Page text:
“Is the world a binary that you can control, and is power a scarce resource? Or is there a third way, and is the ultimate ground of truth held in paradox, the tekhne of thinking, the tekhne of thought and language (which is a technology)?
I have a deep-felt sense that that [tech] in and of itself is inadequate. And yet it is the only bridge upon which we can walk to meet each other, and so we have to walk it and use it, but we know that it’s broken. There’s something that drives you crazy about that.”
Seth Braverman speaks with a conceptual fluency that makes me feel as though he could suddenly shift from English to a language I don’t know and I’d still get exactly what he was saying. This is not just a matter of his rhythm, of being simply borne along by the musical force of his queries and convictions—not a matter of charisma (even if his voice does have the sonority of a woodwind). It’s not an aesthetic flow, but an essential one.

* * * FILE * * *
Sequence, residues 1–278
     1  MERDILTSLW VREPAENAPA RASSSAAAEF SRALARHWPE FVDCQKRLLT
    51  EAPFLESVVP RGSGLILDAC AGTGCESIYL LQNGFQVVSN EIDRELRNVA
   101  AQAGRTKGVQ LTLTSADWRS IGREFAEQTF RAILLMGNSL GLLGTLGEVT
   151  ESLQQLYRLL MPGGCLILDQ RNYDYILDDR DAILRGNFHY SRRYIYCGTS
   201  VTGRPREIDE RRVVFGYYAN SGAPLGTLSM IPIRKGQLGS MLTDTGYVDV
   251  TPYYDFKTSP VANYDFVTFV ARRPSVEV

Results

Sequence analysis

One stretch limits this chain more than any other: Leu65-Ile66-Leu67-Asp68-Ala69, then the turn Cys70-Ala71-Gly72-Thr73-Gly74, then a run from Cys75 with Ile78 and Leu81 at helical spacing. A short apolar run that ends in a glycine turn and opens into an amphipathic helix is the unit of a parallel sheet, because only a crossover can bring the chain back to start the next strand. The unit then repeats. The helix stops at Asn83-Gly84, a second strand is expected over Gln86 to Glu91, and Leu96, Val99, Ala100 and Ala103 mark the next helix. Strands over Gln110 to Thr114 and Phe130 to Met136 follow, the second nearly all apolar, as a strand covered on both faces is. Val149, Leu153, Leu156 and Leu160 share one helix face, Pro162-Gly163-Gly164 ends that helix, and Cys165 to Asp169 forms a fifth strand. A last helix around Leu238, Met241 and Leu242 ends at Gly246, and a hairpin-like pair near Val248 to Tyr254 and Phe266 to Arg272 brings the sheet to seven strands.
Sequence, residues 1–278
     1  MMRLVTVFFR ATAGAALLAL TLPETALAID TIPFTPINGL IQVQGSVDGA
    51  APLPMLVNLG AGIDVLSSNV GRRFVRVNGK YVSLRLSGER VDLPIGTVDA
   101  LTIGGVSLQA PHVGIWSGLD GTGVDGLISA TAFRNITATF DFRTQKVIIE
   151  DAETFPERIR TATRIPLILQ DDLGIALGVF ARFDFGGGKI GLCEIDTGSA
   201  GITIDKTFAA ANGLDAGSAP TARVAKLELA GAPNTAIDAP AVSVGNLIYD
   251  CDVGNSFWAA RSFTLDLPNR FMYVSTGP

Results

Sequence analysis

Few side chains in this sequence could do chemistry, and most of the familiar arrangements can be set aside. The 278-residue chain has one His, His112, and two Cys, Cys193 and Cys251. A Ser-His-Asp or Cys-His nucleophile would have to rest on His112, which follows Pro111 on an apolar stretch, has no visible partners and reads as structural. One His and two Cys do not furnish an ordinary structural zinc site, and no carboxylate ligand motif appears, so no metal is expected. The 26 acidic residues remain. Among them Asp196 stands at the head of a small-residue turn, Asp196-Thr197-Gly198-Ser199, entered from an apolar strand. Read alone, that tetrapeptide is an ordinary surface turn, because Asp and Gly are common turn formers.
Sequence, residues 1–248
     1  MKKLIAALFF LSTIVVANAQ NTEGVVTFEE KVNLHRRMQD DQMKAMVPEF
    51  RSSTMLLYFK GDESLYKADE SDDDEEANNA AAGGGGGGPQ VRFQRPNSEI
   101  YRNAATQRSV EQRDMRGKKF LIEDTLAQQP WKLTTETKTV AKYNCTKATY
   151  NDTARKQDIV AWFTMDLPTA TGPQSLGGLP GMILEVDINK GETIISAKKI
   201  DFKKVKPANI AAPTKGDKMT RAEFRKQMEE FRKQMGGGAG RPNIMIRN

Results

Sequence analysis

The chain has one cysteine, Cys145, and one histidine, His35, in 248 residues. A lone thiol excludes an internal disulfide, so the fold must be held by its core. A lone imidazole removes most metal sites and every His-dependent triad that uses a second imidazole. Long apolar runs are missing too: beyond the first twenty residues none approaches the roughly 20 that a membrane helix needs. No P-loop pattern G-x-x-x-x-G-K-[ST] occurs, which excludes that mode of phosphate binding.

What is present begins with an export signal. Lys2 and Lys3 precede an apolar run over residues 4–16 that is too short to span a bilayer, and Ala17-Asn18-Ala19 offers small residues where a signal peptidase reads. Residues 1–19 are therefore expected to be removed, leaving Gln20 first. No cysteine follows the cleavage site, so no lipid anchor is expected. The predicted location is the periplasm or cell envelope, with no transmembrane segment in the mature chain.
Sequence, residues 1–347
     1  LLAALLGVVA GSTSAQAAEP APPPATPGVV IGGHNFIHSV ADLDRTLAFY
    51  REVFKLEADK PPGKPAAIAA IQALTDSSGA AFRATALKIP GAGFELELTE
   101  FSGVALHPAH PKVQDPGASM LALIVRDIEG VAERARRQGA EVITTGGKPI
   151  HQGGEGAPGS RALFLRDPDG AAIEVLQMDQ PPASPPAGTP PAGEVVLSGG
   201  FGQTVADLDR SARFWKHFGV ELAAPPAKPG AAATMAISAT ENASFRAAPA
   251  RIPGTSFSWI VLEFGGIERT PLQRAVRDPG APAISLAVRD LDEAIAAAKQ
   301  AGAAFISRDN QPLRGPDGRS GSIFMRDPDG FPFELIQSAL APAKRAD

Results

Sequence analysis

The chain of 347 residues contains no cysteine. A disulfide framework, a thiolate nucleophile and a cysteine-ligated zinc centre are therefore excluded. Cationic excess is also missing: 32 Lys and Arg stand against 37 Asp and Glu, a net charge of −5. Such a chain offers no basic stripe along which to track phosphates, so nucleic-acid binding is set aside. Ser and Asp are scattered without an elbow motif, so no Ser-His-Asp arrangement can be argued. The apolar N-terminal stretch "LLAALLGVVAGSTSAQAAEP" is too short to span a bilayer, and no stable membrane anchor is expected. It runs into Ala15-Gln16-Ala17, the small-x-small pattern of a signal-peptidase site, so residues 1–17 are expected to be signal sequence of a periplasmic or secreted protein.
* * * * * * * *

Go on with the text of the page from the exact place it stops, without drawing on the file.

Seth’s tenure as Reader in Residence (April 2022) shone a special light on the copula1 of “reading is art,” the philosophical predicate of the residency: that the reader is an agent, equal to the writer, in the creative act of meaning. One’s very being (isness) animates the bond between attention and realization. To hyperextend Ezra Pound’s notion of logopoeia,2 reading and writing are partners in the dance of literature. And Seth is a ballerino.
To ask what sort of art one should practice is, for Seth, to ask what sort of being one is. It follows that before we rush to answer the first part, we should consider the second. What sort of beings are we? Contingent; capable; conscious. What sort of art should we make? Communion.
Authors/artists discussed: David Abram, John Cleese, Adrienne Rich, Bessel van der Kolk, Herman Melville, Christian Wiman, George Oppen, Daniel Defoe, Akilah Oliver, Walter Benjamin, Basil Bunting, Gertrude Stein
A connecting word, in particular a form of the verb be (e.g. “is”) connecting a subject and complement.
“the dance of the intellect among words” (How to Read, 1928)